Fourth, “the case that found a fundamental right to practice homosexual sex” does not exist. In the case in question, presuming you’re referring to Lawrence v. Texas, the majority found in the Due Process Clause a right to autonomy in personal relationships that is not subject to the police powers of the states. That the particular instance of the states invading this autonomy involved a couple having a gay sexual relationship was not the issue at stake. There are problems with this decision, which I will not go into, in terms of constitutional interpretation. But nowhere does it guarantee “a fundamental right to practice homosexual sex” in any explicit terms. You might do well to read the opinions rather than some commentator’s views on what they are supposed to say.
Common law is not foreign law. Its origins arose in England during Henry I’s reign, wherein he set forth that all the various laws in England should be governed by a common law, common to all of England. It consists of all case laws, and even now in the USA we still have common law being set by case law, but usually when we refer to “the common law” we are referring to the common law of England which this country adopted when we won our independence - all of this country except for Louisiana.
>> Common law is not foreign law
I do not think anybody has said otherwise. The point is that the main basis for the Common Law was custom and precedent (which is also one of the pillars of International law) and it was and is a perfectly working system of law, just like international law is. Denying the existance of International Law is just plain ignorant. there are entire college courses dedicated to it and there are plenty of court judgments based on it, including the SCOTUS.
I thought Polycarp said otherwise, when he said that we are not just “beginning to rely on foreign legal precedents.”
If I may add a comment: it looks as if this thread has gotten side-tracked. The occasion was about U.S. law (or court judgements) being influenced by international and foreign court decisions.
The issue about influence of international courts has been satisfactorily answered by refering to the recognition of international law (and thereby international court judgements) in U.S. law. However, this doesn’t say anything about recognizing foreign (as opposed to international) courts’ judgements.
FWIW I do not see much of an issue here. Courts listen to arguments. One possible (though not decisive) argument is that many people who have given the issue proper thought think something is right. Of course you still want the argumentation behind their standpoint, but it is suitable material to consult. Foreign court decision may (I hope we can agree on that) fall into this category of material for possible arguments.
So SCOTUS may very well examine foreign court decisions; it surely will never consider itself bound by them.
I cited the EU as an example of foreign law, not international law.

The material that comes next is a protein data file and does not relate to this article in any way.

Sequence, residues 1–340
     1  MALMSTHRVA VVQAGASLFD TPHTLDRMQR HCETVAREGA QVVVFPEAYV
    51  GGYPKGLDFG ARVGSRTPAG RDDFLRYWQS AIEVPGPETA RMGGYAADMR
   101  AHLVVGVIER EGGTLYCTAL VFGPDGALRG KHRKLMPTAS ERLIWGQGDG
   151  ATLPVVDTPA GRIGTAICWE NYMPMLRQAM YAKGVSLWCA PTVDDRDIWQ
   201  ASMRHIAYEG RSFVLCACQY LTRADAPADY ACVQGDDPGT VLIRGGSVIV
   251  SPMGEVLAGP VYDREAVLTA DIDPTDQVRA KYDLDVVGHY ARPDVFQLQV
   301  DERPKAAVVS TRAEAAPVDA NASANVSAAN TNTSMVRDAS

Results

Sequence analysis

I agree that the supremacy clause applies to US treaties. I see nothing in the supremacy clause that authorizes US courts to rely on foreign precedents as was suggested above.
I submit that international law is a misnomer. I am aware it exists, but its existence is very different from national law - there are not elected legislators or an executive, etc. That is why SCOTUS’ reference to precendents outside the US legal system concerns me.
As for a US court enforcing a US breach of a US treaty, I think that begs the question. What happens if the US breaches a treaty it made, and then a US court refuses to provide a remedy? In other words, isn’t asking a US court to enforce a remedy against the US akin to asking a party to a contract to abide by its terms?
I doubt that very much. Could you please direct me to the case?
Somewhere in the thirteen states on July 5, 1776, a judge made a ruling based on the law established by the courts of an English king whose dominion we had just repudiated or his predecessors. Common law continues to be based on writs and precedents established in England. (Louisiana and Puerto Rico, of course, modify this by partial reliance on the code of a French Emperor.) In both cases, precedents established in the U/S,. and statute have continued to shape the law – but the principle that it is founded on, and the oldest precedents, remain those of foreign courts.
I think Tusculan made the case better than I did, Lemon Thrower. When an overseas court has performed the exercise of reshaping a wheel to an almost precise size and shape, so that all our courts need do is adapt it to our own standards, it ill behooves them to reinvent it. That is all that IMHO Ms. Justice O’Connor meant.
This side argument is not on topic, but pray tell upon what law the judge could make his ruling, as the newly created nation had no law of itself. All of the preexisting law was English law.
BTW, we don’t use many of the CL writs any more. Although those writs are the bases of much of our law, the writs themselves were too cumbersome for modern day usage.